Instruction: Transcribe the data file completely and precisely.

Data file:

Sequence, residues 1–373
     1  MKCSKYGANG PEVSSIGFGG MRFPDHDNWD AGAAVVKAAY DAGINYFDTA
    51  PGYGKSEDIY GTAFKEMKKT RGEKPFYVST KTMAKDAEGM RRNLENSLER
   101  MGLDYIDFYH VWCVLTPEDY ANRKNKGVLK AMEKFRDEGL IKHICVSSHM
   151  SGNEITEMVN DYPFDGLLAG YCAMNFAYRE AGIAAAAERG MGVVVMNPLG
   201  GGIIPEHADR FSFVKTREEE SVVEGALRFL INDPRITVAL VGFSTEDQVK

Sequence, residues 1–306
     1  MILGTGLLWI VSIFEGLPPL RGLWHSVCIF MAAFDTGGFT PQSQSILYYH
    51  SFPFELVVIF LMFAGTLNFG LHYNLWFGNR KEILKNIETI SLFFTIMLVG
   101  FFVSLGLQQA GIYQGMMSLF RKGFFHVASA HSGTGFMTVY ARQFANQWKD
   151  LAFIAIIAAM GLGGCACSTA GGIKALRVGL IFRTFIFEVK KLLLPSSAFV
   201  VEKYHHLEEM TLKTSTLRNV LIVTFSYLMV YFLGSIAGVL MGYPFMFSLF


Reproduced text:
Sequence, residues 1–373
     1  MKCSKYGANG PEVSSIGFGG MRFPDHDNWD AGAAVVKAAY DAGINYFDTA
    51  PGYGKSEDIY GTAFKEMKKT RGEKPFYVST KTMAKDAEGM RRNLENSLER
   101  MGLDYIDFYH VWCVLTPEDY ANRKNKGVLK AMEKFRDEGL IKHICVSSHM
   151  SGNEITEMVN DYPFDGLLAG YCAMNFAYRE AGIAAAAERG MGVVVMNPLG
   201  GGIIPEHADR FSFVKTREEE SVVEGALRFL INDPRITVAL VGFSTEDQVK

Sequence, residues 1–306
     1  MILGTGLLWI VSIFEGLPPL RGLWHSVCIF MAAFDTGGFT PQSQSILYYH
    51  SFPFELVVIF LMFAGTLNFG LHYNLWFGNR KEILKNIETI SLFFTIMLVG
   101  FFVSLGLQQA GIYQGMMSLF RKGFFHVASA HSGTGFMTVY ARQFANQWKD
   151  LAFIAIIAAM GLGGCACSTA GGIKALRVGL IFRTFIFEVK KLLLPSSAFV
   201  VEKYHHLEEM TLKTSTLRNV LIVTFSYLMV YFLGSIAGVL MGYPFMFSLF